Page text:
Forms of Abstraction

Forms of Abstraction

The word ‘abstract’ derives from the Latin abstractus, or ‘drawn away’. It’s suggestive of extraction, detachment or isolation: reducing something down to its component parts or taking them out of context. In fine art, the movement emerged in the 20th century, as Wassily Kandinsky, Piet Mondrian, Georges Braque and Sonia Delaunay shocked audiences with a newfound focus on form and colour. This, in turn, inspired photographers to break the rules of composition. Today, lens-based artists continue to push the boundaries of the genre. Here are five such examples, as featured on online art platform Artsper.

Shapes, Reflections and Cut-Outs

Venezuelan artist Cristina Matos-Albers (b. 1982 above left) is interested in detail, structure and form. The artist experiments with colour, refracting light through bright geometric panes to create interesting gradients. It’s an approach reminiscent of Barbara Kasten (b. 1936), a pioneer of the genre. Elsewhere, Vik Muniz (b. 1961, right) takes a collage-based approach, reusing waste and found materials to create new images. Dust, cigarette ends, puzzle, magnets and toys can be found in his multi layered compositions.

The World from Above

New York-based, Brazilian-born Bernhard Lang (b. 1970) takes aerial photographs from helicopters or other small aircrafts. In the above image, orange umbrellas pop out against sandy backdrops, creating abstract patterns. Through this approach, Lang shows audiences the world from new perspectives. The images encourage us to look differently at humanity’s impact on the land; other such subjects include colourful tulip fields, cruise ships, glowing cityscapes, shipping containers and fish farms.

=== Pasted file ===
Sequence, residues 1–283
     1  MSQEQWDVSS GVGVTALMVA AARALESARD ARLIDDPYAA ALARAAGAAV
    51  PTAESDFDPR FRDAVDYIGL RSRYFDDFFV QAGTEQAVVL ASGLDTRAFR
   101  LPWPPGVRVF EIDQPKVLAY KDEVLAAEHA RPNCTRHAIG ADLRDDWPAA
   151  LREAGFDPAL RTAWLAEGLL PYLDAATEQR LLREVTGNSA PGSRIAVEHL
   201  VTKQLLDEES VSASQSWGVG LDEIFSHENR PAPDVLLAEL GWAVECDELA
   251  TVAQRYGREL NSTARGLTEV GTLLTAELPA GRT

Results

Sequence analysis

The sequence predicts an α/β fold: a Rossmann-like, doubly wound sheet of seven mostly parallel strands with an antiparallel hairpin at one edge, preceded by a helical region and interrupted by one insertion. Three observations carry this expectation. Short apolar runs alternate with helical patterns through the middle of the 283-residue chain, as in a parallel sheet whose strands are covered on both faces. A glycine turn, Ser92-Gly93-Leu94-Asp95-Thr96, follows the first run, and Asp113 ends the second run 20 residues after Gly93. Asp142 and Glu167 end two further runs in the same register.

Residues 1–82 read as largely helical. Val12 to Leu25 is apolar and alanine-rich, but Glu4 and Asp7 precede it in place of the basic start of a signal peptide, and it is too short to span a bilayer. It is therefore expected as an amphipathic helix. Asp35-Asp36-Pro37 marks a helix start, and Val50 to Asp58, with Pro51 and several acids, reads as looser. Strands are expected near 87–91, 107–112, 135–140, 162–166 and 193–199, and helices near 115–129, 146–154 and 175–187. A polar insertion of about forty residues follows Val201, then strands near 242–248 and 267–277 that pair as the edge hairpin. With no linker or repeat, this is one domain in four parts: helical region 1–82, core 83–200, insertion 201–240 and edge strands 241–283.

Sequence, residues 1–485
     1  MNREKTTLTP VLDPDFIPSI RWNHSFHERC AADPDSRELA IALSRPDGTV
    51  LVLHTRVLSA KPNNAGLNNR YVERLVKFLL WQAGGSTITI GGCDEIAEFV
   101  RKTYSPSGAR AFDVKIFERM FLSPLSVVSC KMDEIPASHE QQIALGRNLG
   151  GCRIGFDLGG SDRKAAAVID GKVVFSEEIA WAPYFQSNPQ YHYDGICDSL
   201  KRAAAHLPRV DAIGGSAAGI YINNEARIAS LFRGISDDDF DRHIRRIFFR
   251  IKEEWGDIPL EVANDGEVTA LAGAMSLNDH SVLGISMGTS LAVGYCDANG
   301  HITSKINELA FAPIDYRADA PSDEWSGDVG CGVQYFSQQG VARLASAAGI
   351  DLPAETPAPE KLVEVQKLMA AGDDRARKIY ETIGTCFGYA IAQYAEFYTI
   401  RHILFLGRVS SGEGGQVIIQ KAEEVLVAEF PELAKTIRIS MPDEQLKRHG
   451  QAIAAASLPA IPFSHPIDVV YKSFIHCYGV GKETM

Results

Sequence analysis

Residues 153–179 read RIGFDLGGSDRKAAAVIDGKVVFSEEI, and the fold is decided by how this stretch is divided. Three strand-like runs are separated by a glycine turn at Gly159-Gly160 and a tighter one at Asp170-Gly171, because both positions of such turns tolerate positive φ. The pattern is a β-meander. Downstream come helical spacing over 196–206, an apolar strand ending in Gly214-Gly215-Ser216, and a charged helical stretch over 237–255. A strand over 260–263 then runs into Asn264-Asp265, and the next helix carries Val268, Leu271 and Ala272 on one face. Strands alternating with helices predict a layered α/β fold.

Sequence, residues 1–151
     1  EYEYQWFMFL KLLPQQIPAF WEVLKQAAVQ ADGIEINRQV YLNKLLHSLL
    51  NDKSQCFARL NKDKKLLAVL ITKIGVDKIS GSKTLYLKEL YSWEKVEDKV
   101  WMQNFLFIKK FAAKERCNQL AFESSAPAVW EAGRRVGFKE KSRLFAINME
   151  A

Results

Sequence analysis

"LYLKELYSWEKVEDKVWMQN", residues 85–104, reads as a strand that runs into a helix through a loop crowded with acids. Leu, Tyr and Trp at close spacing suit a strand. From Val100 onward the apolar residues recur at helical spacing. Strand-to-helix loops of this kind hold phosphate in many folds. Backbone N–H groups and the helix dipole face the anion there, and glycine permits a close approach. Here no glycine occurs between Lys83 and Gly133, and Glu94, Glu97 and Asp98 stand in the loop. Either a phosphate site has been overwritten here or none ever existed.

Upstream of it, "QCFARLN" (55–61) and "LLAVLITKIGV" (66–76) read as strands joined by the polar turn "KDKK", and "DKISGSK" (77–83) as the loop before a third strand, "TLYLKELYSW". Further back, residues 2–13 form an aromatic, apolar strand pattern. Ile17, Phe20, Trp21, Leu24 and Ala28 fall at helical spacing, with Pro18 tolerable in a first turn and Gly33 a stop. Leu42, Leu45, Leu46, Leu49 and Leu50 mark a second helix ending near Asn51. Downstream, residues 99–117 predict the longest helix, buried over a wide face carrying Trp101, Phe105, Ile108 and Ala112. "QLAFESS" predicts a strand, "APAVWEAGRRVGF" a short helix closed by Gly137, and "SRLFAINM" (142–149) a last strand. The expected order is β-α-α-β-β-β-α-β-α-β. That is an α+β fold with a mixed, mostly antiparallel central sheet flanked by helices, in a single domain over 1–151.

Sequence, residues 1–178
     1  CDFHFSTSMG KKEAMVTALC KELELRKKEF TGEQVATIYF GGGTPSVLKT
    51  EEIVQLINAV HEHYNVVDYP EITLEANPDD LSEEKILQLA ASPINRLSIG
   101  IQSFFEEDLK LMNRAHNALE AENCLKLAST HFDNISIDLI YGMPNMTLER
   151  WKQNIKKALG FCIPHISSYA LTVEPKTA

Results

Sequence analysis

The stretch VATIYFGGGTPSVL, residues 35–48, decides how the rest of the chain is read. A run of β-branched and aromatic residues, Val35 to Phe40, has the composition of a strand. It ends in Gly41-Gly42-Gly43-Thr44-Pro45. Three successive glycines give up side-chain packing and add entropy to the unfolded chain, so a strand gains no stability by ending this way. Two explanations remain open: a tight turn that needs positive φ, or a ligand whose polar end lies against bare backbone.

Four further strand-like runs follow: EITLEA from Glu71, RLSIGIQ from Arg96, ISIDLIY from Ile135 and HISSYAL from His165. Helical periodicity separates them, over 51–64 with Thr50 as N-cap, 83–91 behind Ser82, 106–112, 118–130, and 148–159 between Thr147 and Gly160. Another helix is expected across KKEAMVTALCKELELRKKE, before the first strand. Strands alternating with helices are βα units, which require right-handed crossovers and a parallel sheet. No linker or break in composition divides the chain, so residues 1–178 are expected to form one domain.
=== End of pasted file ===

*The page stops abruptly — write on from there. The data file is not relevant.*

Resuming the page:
Portraiture, Colour and Pattern

“I consider photography to be a determining tool for interacting with as many people as possible in different places around the world,” says Ghanaian photographer Derrick Ofosu Boateng, whose bright portraits are shot on iPhone. “The stories are exceptional, full of emotion and life. In my eyes, it is important that my work represents an Africa in a positive light, this contributes to greatly changing the perception of the continent.” Alia Ali‘s (b. 1985), anonymous portraits feature subjects swathed in fabrics from across the world. “As a female artist who exists on the border of identifying as a West Asian, Eastern European and US citizen, my work explores cultural binaries and challenges culturally sanctioned oppression,” she explains. 

Artsper is a contemporary art marketplace working to make art accessible to all. It represents over 25,000 artists from galleries around the world, highlighting more than 170,000 artworks. Audiences can discover more abstract artworks and pieces across all media: from sculpture and painting to photography and lithography.

Words: Eleanor Sutherland

In collaboration with Artsper.
Image credits
1. Derrick Ofosu Boateng, You are one in a melon 1, 2020
2. Cristina Matos-Albers, Chroma Morphose, Nº 6995, 2021
3. Vik Muniz, Pools, 2018

4. Bernhard Lang, Miami II, 2015
5. Derrick Ofosu Boateng, You are one in a melon 1, 2020
6. Alia Ali, Stellar 1, 2021